Of course, the pizza might be cold by the time the search is over but you'll have an accurate idea of just how many calories it contains, not to mention fat, carbs and vitamins.

Furthermore, DailyBurn CEO Andy Smith says, “Users can then choose to share what they've eaten on Twitter or FourSquare, leading to social accountability.”

While Smith admits the process can be somewhat time consuming, it allows you to keep a food diary and may spur a psychological change that could get you and your online pals eating better.

Copyright 2011 ABC News Radio


Fire Department App Rallies CPR-Trained Citizens in Emergencies

Stockbyte/Thinkstock(SAN RAMON, Calif.) -- A new iPhone application is making it easier than ever for CPR-trained Good Samaritans to save lives.

Launched by California's San Ramon Fire Protection District, the fire department app alerts CPR-savvy citizens to cardiac emergencies in their areas, with the hope that they'll be able to help out until emergency professionals arrive.

The app was launched in January, but got a big boost this week when San Francisco signed on as the first major city to back the technology.

"What's so important about sudden cardiac arrest is brain death occurs between four and six minutes after your heart stops. Even your best emergency services can take up to five minutes to get to the site of the patient," said Kimberly French, an information officer with the San Ramon Fire Protection District. "It's so important to bridge that gap, because what it does is it stops the clock."

Linking CPR-certified citizens to a local 911 dispatch center helps buy time until professionals can help victims of cardiac arrest, she said.

San Ramon fire officials hatched the idea after a 2009 incident in which the district's fire chief Richard Price (whom locals call "Fire Chief 2.0") was at a deli when, unbenknownst to him, a cardiac emergency was reported next door, French said.

The victim survived, she said, but the incident spurred Price and his peers to figure out how to match people with CPR training to those who need it, in real-time.

When users download the application, they're asked if they're trained in CPR. If they indicate that they are, the app quietly monitors their locations. When 911 dispatchers learn of a cardiac arrest, they can send a text-like push notification to all CPR-trained users of the application who are nearby. The message includes the location of the victim as well as the precise location of the closest public access Automated External Defibrillator (AED).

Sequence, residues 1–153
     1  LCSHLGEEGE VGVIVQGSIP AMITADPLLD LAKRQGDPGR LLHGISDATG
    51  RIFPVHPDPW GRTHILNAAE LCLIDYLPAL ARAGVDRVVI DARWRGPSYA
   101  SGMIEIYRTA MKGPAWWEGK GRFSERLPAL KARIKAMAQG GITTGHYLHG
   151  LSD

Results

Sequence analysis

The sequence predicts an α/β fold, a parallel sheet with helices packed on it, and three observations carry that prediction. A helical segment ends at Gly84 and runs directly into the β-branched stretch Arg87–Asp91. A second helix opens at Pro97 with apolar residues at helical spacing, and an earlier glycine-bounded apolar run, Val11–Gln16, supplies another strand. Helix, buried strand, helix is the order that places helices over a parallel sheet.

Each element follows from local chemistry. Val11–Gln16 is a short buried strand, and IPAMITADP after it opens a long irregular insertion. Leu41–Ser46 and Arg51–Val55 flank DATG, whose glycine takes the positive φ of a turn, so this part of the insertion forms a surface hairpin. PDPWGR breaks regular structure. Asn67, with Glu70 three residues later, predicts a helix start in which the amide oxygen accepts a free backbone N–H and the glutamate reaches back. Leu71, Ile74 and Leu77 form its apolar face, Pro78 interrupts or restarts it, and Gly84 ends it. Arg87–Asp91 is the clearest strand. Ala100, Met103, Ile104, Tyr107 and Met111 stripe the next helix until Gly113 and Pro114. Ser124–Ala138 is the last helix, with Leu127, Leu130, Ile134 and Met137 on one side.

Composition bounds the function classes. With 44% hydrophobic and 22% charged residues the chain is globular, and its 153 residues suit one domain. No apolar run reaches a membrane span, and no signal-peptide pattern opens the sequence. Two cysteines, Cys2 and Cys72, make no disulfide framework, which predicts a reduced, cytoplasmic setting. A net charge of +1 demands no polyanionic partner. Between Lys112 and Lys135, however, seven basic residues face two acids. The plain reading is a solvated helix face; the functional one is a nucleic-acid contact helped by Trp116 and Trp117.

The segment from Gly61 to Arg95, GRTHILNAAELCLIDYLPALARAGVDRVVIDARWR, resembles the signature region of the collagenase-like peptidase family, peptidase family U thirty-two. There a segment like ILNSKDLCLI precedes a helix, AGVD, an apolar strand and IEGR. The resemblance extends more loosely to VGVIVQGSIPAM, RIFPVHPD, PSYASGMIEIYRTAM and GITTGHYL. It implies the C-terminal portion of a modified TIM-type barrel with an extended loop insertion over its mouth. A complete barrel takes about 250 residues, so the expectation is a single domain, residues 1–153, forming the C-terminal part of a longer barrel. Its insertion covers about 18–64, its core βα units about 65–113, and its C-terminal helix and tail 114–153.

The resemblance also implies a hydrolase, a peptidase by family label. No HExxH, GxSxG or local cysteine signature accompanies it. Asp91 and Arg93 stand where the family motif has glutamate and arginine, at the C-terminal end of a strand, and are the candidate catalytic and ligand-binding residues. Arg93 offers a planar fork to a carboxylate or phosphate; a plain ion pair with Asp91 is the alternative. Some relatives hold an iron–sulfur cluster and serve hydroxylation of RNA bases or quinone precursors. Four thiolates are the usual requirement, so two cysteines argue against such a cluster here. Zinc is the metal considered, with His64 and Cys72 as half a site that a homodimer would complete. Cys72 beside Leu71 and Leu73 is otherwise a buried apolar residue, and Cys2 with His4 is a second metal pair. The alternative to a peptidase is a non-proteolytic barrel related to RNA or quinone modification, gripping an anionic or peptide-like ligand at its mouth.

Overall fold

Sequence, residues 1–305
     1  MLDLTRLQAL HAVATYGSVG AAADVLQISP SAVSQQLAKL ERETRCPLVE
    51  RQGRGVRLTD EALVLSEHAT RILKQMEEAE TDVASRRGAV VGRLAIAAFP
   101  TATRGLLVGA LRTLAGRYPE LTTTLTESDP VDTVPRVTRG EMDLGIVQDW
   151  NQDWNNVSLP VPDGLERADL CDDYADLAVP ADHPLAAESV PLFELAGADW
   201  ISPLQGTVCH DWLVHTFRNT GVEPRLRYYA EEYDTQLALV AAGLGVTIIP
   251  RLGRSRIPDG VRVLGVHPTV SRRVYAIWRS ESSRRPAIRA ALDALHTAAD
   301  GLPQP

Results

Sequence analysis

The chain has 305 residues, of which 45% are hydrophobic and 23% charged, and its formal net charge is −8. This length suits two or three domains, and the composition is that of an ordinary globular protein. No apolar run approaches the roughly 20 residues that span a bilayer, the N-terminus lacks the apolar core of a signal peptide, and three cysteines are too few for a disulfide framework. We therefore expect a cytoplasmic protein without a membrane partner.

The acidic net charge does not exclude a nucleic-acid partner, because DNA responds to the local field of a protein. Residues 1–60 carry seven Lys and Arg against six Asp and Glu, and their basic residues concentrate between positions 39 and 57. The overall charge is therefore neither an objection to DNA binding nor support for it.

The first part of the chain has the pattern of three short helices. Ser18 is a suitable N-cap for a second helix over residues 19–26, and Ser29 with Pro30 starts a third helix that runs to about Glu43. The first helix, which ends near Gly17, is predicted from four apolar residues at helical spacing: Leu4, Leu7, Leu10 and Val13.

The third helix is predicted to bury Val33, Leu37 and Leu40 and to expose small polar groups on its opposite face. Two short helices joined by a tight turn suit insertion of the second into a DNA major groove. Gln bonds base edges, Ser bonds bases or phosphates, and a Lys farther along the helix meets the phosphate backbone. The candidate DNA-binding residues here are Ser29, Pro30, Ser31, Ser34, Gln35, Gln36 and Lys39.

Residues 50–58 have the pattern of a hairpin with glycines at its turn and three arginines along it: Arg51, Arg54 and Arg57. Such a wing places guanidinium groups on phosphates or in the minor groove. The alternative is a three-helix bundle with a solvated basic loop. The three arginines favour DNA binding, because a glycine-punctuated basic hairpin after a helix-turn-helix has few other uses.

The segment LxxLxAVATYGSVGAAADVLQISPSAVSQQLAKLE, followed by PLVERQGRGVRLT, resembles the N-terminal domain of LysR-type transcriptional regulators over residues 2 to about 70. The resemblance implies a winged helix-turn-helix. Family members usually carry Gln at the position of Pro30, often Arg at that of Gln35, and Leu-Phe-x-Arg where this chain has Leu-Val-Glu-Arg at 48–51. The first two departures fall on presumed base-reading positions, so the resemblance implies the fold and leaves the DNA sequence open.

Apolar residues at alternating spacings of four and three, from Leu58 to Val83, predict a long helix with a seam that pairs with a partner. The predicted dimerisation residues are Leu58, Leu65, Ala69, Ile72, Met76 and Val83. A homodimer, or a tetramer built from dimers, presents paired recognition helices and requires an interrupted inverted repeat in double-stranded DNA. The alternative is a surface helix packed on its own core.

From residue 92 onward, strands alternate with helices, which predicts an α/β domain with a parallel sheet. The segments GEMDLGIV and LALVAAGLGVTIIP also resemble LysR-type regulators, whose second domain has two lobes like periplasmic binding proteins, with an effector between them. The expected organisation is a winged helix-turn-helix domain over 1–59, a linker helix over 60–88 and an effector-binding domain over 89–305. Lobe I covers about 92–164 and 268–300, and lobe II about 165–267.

Since its launch in January, Fire Department has been downloaded more than 30,000 times, French said. But so far only the San Ramon Fire Protection District is using the site.

"The ultimate goal is to make it available for all emergency services to use," French said. "It's too good for us to keep in our little jurisdiction out here in California."

Copyright 2011 ABC News Radio


Stressed? There's an App For That

Photo Courtesy - Getty Images(NEW YORK) -- Awareness, a new iPhone app launched just last week, allows the ever-stressed -- particularly at holiday time -- to find psychological solace.

The "pocket therapist" application is "like an angel sitting on your shoulder," sounding a gentle chant to remind you to get in touch with your feelings -- anywhere, the developer says.

Ronit Herzfeld, a holistic therapist from New York City, said her creation can help users discover inner peace in the routine of their daily lives.

So far, 550 buyers have downloaded the application, and her developers are working on a new version for Google's Android that could be available in February.

For $3.99 the user is reminded by up to 25 gong tones a day to take a deep breath and assess their mental state. The application asks how you are feeling and, based on your mood, it plays up to 20 videos with instructions on how to alleviate the stressors.

The application also color-codes feelings: red is anger and yellow is fear. A pie chart can show how often you feel those emotions and charts your emotional state and associated triggers over a day, month, week, and year.

The iPhone is not meant to take the place of therapy, said Herzfeld, but for the "ordinary person" it can act as a "diary of feelings" where they can track their behavioral responses to different emotional states such as drinking, binge eating, or overworking.

Copyright 2010 ABC News Radio

ABC News Radio